Despite being implored against this decision by industry experts and lobby-groups, President Donald Trump imposed tariffs that could have deep implications for the U.S.
With talks of NAFTA renegotiations on a brief hiatus, President Donald Trump made an announcement that could not only complicate that process, but fuel the ever growing fire that is an impending trade war.
In late May, President Trump announced that he’d be imposing steep tariffs on steel and aluminum imports from the EU, Mexico, and Canada—the U.S.’s biggest trading partners. All three of which, following the announcement, immediately announced plans to retaliate with tariffs of their own against American products.
President Trump’s decision to impose a 25 percent tariff on imported steel and a 10 percent tariff on imported aluminum was done so under a 1962 law which grants the president the authority to adjust tariffs on goods depending on their threat to national security.
“We take the view that without a strong economy, you cannot have strong national security,” said Wilbur Ross, United States Secretary of Commerce.
Up until this announcement, the EU, Mexico, and Canada had all been exempt from the worldwide steel and aluminum tariffs President Trump imposed in March.
In 2017, the U.S. imported $47.83 billion of aluminum and steel commodities. That price only represents two percent of the $2.34 trillion in goods imported by the U.S.
The Repercussions on U.S. Economy
In the last few months, premiums for American steel and aluminum have increased by nearly 50 percent in comparison to metal bought in Asia and Europe, wrote Mark Niquette of Bloomberg.
While this indicates that the steel and aluminum industries are benefiting from the Trump tariffs, other industries are not faring so well.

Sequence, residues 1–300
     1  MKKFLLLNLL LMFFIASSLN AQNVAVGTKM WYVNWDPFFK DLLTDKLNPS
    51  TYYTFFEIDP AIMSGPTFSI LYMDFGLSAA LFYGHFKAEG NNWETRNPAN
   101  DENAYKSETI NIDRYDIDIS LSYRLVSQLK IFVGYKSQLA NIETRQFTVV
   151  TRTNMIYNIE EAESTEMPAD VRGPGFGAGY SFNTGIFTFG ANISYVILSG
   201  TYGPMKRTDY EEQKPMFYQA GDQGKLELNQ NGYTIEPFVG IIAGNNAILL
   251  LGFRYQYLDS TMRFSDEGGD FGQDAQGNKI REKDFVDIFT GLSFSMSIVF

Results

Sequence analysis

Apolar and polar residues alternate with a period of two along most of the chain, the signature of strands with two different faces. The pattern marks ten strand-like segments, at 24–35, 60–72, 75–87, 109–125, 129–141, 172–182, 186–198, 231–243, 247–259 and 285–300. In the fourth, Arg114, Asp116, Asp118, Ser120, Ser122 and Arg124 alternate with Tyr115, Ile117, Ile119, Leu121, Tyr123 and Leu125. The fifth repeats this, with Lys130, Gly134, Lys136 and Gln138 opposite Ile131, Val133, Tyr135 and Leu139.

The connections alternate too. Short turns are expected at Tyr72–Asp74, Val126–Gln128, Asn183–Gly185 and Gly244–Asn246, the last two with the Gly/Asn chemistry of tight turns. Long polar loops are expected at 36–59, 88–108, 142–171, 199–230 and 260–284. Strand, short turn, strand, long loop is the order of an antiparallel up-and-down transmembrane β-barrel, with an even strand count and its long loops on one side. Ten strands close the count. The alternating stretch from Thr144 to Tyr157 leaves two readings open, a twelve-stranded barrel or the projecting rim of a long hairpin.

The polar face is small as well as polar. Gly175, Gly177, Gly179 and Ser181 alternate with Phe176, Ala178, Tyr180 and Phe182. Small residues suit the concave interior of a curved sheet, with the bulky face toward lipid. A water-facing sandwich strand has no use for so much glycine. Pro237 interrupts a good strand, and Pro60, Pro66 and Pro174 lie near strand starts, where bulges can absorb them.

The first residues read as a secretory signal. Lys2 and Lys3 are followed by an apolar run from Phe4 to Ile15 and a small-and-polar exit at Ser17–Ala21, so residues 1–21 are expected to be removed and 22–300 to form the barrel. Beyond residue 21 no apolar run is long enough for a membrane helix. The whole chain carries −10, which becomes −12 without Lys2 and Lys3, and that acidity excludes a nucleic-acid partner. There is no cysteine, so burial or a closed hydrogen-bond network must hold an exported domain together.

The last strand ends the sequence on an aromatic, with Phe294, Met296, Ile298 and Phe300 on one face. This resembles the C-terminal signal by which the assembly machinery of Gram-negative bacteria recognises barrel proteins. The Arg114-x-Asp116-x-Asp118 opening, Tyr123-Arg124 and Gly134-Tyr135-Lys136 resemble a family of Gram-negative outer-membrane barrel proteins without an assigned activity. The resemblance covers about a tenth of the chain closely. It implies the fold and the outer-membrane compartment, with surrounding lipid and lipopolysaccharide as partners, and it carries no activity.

Business lobby-groups ranging from the American Petroleum Institute to The Alliance of Automobile Manufacturers and the American Beer Institute have denounced the Trump tariffs as it would directly affect their industries due to their use of these resources.
“Months ago, the U.S. Chamber warned that alienating our strongest global allies by launching a tit-for-tat trade war would harm the U.S. economy and undermine American leadership,” implored Myron Brilliant, Executive Vice President and Head of International Affairs at the U.S. Chamber of Commerce.
With Goldman Sachs estimating that the Trump tariffs stand to boost inflation by 0.01 percentage points, it is clear their effect on America’s economy will not be large, according to The Economist. However, it’s the construction industry that’s expected to receive the heaviest brunt of the Trump tariffs.
Construction prices are expected to increase only by 0.2 percent. In other words, a new home costing $300,000 is estimated to now cost $614 extra.
Nonetheless, the construction industry is already struggling with rising material costs, and despite housing construction not expecting too high of a cost increase, it is important to consider how this would impact much larger projects such as industrial high-rises and office buildings.
Additionally, the Trump tariffs could impede construction industry growth as well as job creation.
National Relations and the Global Economy
The Trump tariffs were predicted to not bode well with our greatest allies. With the EU, Mexico, and Canada all announcing plans to impose tariffs in retaliation, it seems the predictions were accurate.
Mexico suggested its retaliatory tariffs will be on:
- American lamps
- flat steel
Europe’s retaliatory tariffs would aim at products such as:
- cranberry juice
- peanut butter
Canada’s focus for it’s retaliatory tariffs would cover:
- orange juice
- toilet paper
- washing machines
- lawn mowers
But it’s the ones on aluminum and steel that appear to be the most significant at this point, $12.8 billion worth, to be precise.
The Trump tariffs are a threat to the global economy in the sense that they have undone the work of the international trade order over the past 25 years.
Additionally, the U.S. represents the world’s foundational economy and it is now violating some of the most fundamental rules with the Trump tariffs, as Matt Gold, former Deputy Assistant U.S. Trade Representative, explained:
“It has severe implications for undermining the credibility of the entire global trading system, in addition to the fact that it will bring litigation to the World Trade Organization by our trading partners for violation of those rules.”
“Today is a bad day for world trade,” added Cecilia Malmström, EU trade commissioner. “We did everything to avoid this outcome.”